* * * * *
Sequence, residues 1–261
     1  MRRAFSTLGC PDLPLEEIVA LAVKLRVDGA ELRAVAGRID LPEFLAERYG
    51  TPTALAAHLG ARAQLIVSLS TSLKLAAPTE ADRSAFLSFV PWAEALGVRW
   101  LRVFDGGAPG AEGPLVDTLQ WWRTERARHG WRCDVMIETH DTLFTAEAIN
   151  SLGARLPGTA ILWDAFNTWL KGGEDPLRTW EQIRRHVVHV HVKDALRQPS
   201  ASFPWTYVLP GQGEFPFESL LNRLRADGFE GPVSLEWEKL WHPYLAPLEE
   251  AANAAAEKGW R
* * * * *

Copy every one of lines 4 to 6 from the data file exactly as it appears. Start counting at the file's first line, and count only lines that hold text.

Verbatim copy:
   101  LRVFDGGAPG AEGPLVDTLQ WWRTERARHG WRCDVMIETH DTLFTAEAIN
   151  SLGARLPGTA ILWDAFNTWL KGGEDPLRTW EQIRRHVVHV HVKDALRQPS
   201  ASFPWTYVLP GQGEFPFESL LNRLRADGFE GPVSLEWEKL WHPYLAPLEE